While the larger MLB bases may have grabbed all the headlines in the initial flurry of news about the league’s rule changes, another new rule has also led to major changes. Although the season hasn’t even started yet, the pitch clock that was designed to make games shorter and keep pitchers from extending time between pitches is now leading to strikeouts that feel almost unsettlingly fast.
In one March 2 game between the New York Yankees and the Pittsburgh Pirates, an entire at-bat took just about 20 seconds. The at-bat in question came during the second inning when Wandy Peralta struck Tucupita Marcano in just three pitches. The strikeout was likely influenced by the pitch clock, although these pitches were atypically fast, even given the new rule. You can watch the full at-bat below:
The new pitch clock rule is designed to speed up the play of the game, ensuring that pitchers return to the mound and begin their motion within a reasonable timeframe. There’s a 15-second timer for pitchers when there are no runners on base, and a 20-second timer when there are runners on base. The rule explicitly stipulates that pitchers must start their pitching motion before the timer runs out, or they’ll be charged with an automatic ball. Batters, meanwhile, must be in the batter’s box by the time the timer hits eight seconds, or they’ll be charged with an automatic strike.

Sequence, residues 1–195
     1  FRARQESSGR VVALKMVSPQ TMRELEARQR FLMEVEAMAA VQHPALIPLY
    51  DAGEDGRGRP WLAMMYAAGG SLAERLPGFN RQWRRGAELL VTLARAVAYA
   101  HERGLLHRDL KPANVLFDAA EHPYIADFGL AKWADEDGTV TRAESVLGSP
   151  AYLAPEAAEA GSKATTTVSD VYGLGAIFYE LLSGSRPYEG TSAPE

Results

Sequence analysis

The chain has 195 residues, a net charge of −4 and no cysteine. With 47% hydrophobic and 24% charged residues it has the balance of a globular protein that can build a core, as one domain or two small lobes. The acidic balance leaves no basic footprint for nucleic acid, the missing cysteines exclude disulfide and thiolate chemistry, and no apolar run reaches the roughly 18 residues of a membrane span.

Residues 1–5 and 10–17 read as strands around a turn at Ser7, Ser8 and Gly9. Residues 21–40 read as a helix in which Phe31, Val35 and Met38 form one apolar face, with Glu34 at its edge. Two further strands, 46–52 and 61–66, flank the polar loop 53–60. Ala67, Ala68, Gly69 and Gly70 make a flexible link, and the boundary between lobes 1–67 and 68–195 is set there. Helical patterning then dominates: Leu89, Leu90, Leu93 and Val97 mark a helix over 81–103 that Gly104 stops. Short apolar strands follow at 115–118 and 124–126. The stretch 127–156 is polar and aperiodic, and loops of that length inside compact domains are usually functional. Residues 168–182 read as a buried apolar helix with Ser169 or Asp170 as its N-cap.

Mound visits, injury timeouts, and offensive timeouts do not count against the pitcher. The timer also resets if the pitcher makes a pick-off attempt, but the pitcher is limited to two pick-off attempts per mound appearance. If they make a third and it’s unsuccessful, the runner automatically advances a base. The umpire also has a special dispensation that allows them to provide players with extra time in circumstances where they might need it.
This rule change was one of several that the MLB made in an attempt to revitalize the game in the face of dwindling crowds and audiences. The pitch clock is designed to make games shorter. It may not seem like pitchers take too long between pitches, but now they have been explicitly prevented from doing so. The same is true of the change in the base sizes. Stealing bases used to be a regular occurrence in the major leagues, but in part because of how effective pitchers have become at picking them off, steals have become less common. Larger bases means that there is less distance between them (4.5 inches less to be exact), which should mean that it is easier to steal them.
Only time will tell whether that base size change makes a measurable impact, but one thing’s for sure: the pitch clock already is. It would have been quite rare to see an entire at-bat last just 20 seconds in the majors before, and it may still be moving forward. What both pitchers and batters know now, though, is that it’s not impossible for the game to be played at a much faster pace.
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